August 9, 2017 -- Our first pause on yesterday’s walk was at the Square des Missions Etrangères, the Foreign Missions Square, on the rue de Bac. I was attracted by the centerpiece of that square, a handsome bust of Chateaubriand (1768-1848).
Chateaubriand was somewhat different from other writers/intellectuals of his time in that he remained a faithful Catholic.
He’s also interesting to me because he traveled to America when our country was still young, in 1791. He claimed to have some fascinating adventures there, including living and travelling with Native Americans. (See this write-up in Wikipedia.)
|Bust of Chateaubriand in the Square des Missions Etrangeres on the rue de Bac|
Some critics think he made it all up. But his stories had to be inspired by some experience, didn't they?
We continued up the rue de Bac to its origin on the boulevard Saint Germain. Paris was shrouded by a light, cool rain, but we had our umbrellas and jackets, so on we went, up the boulevard.
|Old stone staircase in a courtyard in the 6th near|
the boulevard Saint Germain.
At the boulevard’s most congested area, we escaped to the picturesque and peaceful rue Jacob. The narrow sidewalks there had few other pedestrians, due to the rain and due to the fact that these middle two weeks of August are when Paris streets are the most deserted by Parisians, who are mostly in the south of France now, where the weather is toasty -- almost too toasty.
At the end of the rue Jacob, we were drawn into lovely, shady square at the rue de Furstemberg. Tom always likes to walk through the décor store there, Flamand. When we exited at the far end of Flamand, we were across from the back door of the church of Saint-Germain des Prés.
That isn’t my favorite church in Paris because it was originally only for the church elite; the common people had to worship elsewhere, like at Saint Sulpice. However, both of us were awestruck at the beautiful restoration of the painted decorations in the Saint Germain des Prés church. We’d entered through a back door, so we were initially seeing the ambulatory, apse, chancel, and choir sections of the church, where the restoration has been completed.
The work is ongoing in the transept, which is walled off with huge sheets of thick plastic. But the center aisle is open from the nave through to the altar and choir area, since a false ceiling was erected above the center of the transept to allow for work on the ceiling there, and still enable worshipers in the nave to see the altar.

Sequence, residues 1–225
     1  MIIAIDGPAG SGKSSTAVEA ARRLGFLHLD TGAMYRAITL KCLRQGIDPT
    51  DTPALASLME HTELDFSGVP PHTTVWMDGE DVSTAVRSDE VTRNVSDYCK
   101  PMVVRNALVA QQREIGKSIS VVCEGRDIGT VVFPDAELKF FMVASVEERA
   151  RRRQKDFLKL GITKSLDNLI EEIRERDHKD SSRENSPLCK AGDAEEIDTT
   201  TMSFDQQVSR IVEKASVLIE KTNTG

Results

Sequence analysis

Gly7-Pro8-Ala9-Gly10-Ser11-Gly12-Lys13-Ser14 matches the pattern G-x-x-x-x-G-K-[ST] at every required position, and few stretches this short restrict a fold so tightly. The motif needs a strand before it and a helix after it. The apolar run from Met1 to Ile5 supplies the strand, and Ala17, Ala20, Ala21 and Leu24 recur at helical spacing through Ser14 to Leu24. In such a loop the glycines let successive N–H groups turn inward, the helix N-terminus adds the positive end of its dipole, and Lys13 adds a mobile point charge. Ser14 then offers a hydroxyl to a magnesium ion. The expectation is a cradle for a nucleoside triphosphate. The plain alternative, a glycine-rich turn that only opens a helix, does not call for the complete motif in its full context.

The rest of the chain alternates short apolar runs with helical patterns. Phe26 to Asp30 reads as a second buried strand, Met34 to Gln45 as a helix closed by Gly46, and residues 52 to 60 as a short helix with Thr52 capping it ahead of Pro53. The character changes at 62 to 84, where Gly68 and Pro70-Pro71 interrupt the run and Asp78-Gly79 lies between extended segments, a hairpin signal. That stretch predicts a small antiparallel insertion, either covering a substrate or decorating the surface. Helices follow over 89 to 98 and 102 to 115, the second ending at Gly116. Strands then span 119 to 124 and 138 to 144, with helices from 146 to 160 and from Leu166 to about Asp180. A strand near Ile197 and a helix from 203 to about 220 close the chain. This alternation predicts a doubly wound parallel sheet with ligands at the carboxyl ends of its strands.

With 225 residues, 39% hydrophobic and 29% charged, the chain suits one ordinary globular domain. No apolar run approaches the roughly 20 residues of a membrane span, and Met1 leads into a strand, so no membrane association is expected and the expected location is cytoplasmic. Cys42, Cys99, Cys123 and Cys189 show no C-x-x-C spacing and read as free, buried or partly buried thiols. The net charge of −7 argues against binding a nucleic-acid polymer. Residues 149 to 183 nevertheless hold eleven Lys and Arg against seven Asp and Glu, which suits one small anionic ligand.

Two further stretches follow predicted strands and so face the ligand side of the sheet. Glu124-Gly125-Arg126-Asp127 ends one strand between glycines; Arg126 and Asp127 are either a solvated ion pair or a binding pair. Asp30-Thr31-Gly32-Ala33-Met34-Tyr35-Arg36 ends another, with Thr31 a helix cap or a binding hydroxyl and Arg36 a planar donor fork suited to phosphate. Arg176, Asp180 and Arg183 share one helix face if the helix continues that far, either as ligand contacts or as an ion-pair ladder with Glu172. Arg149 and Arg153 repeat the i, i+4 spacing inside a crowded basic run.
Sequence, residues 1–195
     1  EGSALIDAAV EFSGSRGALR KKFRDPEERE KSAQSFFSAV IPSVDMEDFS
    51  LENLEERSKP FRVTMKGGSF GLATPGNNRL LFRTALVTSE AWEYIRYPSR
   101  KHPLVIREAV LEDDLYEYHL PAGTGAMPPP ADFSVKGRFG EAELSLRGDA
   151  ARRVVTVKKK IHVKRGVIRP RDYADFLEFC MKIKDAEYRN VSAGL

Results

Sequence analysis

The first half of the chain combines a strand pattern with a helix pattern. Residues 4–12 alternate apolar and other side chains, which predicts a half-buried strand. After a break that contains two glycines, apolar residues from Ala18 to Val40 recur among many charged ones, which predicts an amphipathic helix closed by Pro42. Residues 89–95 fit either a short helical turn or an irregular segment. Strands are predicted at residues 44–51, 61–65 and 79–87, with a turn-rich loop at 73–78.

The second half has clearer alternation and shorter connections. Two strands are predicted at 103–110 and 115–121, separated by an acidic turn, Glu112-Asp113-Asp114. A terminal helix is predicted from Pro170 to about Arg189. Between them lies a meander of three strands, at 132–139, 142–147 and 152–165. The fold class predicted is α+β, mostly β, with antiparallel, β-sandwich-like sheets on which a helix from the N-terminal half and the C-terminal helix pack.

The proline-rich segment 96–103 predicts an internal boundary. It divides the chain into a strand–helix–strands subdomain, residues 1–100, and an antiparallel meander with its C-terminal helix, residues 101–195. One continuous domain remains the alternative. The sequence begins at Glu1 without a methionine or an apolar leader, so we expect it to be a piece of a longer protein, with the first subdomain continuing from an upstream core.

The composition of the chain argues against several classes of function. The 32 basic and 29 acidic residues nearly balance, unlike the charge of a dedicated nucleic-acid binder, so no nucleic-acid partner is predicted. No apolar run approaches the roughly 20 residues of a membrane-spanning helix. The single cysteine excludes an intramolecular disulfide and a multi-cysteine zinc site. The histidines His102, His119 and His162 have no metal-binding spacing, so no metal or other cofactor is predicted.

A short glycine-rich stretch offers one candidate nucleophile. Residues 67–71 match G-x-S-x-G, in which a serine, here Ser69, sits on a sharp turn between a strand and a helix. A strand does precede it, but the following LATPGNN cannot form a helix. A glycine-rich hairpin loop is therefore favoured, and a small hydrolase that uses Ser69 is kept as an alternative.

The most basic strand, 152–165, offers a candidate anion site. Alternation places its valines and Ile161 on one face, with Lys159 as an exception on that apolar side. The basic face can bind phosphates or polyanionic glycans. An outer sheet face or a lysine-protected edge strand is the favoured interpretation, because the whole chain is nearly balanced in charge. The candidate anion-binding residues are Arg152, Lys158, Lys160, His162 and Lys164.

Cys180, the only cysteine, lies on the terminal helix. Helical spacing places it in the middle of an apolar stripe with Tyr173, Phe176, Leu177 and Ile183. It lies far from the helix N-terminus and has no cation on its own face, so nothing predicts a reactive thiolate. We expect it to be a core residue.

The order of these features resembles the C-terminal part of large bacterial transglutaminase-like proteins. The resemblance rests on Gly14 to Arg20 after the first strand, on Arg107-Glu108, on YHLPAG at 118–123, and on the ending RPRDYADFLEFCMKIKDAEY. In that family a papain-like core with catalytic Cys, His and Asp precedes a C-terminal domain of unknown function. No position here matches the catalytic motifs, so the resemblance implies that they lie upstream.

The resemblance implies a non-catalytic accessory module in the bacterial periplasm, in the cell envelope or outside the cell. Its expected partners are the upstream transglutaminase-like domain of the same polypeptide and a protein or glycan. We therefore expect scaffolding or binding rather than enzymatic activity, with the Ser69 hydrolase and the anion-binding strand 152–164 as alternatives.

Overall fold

The restoration goes on, and the worship goes on. More photos from Saint Germain des Pres, below.
|Transept walled off by sheets of plastic during the renovation.|
In the narthex, I picked up a brochure about the restoration because we intend to make a small contribution towards it.
After our visit to the church, we continued along the boulevard Saint Germain. We paused to chat with the young woman who manages the tank-top stall where our granddaughters bought three tank-tops not long ago.
At the boulevard Saint Michel, Tom wanted to walk up the hill to the square in front of the Sorbonne. We did that, but it was farther than he thought it would be. So we stopped for refreshments on that beautiful square at L’Ecritoire (the writing board), an attractive, old café with a zinc bar.
|Cafe gourmand and Poire Helene at L'Ecritoire.|
Normally, Tom would just order a café gourmand which includes a few small treats to stave off hunger pains. But this time he was really hungry, so he ordered a Poire Hélène as well. Wow, what a lovely concoction of poached pear, liqueur, dark chocolate sauce, and whipped cream! I certainly had to help him consume that!
Prices are reasonable at L'Ecritoire, and the service is very nice. We recommend it when you're in the 5th.
We were able then to continue walking up the boulevard until we reached the ancient rue des Bernardins, where we turned off the boulevard so we could visit the beautiful church of St. Nicholas du Chardonnet on the rue Monge.
The beauty of this church is more subtle than that of Saint Germain des Prés. St. Nicholas du Chardonnet was originally built in the 13th Century, and rebuilt from 1656 to 1763. It is now used by the traditionalist Society of St. Pius X, a conservative fraternity of priests headquartered in Switzerland. I particularly admire all the crystal chandeliers in St. Nicholas du Chardonnet (photos below). The church is also known for hosting a series of concerts.
|Young man pontificating on la Place de la Sorbonne.|
As afternoon showers gave way to evening, we boarded the metro and rode home from the 5th to the 15th. We went out again for dinner at a local brasserie, L’Oustal, where the evening star was a stunningly delicious endive and Roquefort salad.
|Star-shaped endive and Roquefort salad at L'Oustal.|